The Little Big Things
Music by Nick Butcher, lyrics by Nick Butcher and Tom Ling, book by Joe White, based on the memoir by Henry Fraser
Michael Harrison and Nica Burns
In 2009, when he was 17, Henry Fraser, on holiday in Portugal, dived into the sea with life-changing results. He hit his head on the seabed and from rising rugby star became a young man paralysed from the shoulders down. He now had to face a totally changed life. It is a story of determination and resilience on the part of Henry, his family and his doctors, but not the easiest subject to turn into a feel-good musical, but that is what The Litte Big Things, based on Henry’s memoir of the same name, proves to be.
It presents us with two Henry Frasers in identical polo shiirts: the 17-year-old off before his catastrophic accident and the paralysed man in a wheelchair. Their interaction allows us to share what is going on in his mind as he comes to terms with his situation, and we follow his progress to becoming an artist, an author and a public speaker. Both Jonny Amies as able-bodied Henry and Ed Larkin, confined to his wheelchair, turn in strong performances, reflecting different sides of his character.
Though Henry acquired new skills and adaptations far faster than most patients, it was still a slow and arduous process, but the emphasis here is on the positive and it speeded along by a captivating performance from Amy Tigg as his physiotherapist Agnes who is also a wheelchair user and gets some of the liveliest numbers with lyrics that declare, “Shit happens”.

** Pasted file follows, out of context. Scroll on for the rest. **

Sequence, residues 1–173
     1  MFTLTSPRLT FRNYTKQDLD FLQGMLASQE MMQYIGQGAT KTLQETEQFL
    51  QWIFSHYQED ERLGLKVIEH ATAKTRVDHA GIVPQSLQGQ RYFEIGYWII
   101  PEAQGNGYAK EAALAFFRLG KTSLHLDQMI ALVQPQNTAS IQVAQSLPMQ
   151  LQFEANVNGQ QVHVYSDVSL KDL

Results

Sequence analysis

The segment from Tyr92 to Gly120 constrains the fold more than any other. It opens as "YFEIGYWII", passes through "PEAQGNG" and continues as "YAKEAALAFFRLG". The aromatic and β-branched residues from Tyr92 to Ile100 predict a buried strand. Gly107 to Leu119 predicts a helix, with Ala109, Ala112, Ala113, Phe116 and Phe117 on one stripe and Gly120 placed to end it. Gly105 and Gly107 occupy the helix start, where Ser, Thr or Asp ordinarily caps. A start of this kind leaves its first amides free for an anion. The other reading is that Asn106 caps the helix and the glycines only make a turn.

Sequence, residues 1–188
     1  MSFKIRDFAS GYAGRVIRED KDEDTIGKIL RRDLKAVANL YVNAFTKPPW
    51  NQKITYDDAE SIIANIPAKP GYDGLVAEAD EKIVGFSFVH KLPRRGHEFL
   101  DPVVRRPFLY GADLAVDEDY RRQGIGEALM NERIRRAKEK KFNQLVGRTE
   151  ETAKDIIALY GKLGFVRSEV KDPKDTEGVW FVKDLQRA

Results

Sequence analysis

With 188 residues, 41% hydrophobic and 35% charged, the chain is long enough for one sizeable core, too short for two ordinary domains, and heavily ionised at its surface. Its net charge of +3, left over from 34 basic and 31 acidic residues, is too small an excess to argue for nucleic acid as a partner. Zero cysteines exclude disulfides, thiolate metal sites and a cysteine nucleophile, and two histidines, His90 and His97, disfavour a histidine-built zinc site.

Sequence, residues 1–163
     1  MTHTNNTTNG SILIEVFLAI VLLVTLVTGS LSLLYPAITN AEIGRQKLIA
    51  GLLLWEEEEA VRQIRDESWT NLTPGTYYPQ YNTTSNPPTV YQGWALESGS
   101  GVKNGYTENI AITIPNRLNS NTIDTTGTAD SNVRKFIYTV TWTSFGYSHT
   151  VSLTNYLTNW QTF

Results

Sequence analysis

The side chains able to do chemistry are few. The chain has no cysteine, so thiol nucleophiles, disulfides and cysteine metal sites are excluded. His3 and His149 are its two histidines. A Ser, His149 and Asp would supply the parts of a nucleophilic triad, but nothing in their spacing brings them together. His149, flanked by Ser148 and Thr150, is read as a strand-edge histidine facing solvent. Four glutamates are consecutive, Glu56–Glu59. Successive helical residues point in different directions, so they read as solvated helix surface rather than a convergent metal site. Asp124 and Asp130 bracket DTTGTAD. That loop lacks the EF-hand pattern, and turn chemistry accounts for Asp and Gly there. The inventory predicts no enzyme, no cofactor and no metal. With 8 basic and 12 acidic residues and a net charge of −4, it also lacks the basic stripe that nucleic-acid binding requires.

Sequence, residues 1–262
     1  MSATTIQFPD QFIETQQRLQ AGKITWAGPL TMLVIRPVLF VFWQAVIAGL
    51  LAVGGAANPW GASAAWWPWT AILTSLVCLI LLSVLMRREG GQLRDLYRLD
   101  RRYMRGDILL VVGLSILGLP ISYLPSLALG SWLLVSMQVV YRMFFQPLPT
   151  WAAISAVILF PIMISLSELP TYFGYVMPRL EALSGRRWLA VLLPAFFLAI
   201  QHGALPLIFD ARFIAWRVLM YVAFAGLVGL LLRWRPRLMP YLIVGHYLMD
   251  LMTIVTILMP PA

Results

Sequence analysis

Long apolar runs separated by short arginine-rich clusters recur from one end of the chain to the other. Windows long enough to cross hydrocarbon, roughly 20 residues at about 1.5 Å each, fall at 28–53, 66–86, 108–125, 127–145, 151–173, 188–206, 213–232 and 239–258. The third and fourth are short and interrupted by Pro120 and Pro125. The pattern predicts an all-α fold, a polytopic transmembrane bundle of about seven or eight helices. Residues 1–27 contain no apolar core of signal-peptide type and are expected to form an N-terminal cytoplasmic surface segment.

The songs aren’t likely to make the top ten, but most have a pop-like vitality. Linzi Hateley as Henry’s mother Fran touchingly looks back on her boy’s earlier life in “One to Seventeen”, and in ”Miles and Miles”, Alasdair Harvey as father Andrew sings of the joy of the family together and of his passion for sailing.
Family coming together is a key part of the show with brothers Will (Cleve September), Tom (James Chatterton) and Dom (Jordan Benjamin) joshing together and frequently joined by the rest of the cast in bopping about like a boy band, and there’s one lively, surreal sequence when Henry’s drugged brain makes Malinda Parris’s Dr Graham turn into an exotic and explosive diva.
Colin Richmond’s deceptively simple set design reflects Henry’s artwork with his pictures sometimes part of it and great washes of colour spreading across the stage by means of Luke Halls’s video and Howard Hudson’s lighting. The in-the-round staging and the actors’ rapport with the audience make it feel immersive.
Director Luke Sheppard directs The Little Big Things as an ensemble work full of strong characterisations, and it wins its audience over with its energy and a compassion that never becomes mawkish. Nica Burns has notched up another success for her new theatre.
Reviewer: Howard Loxton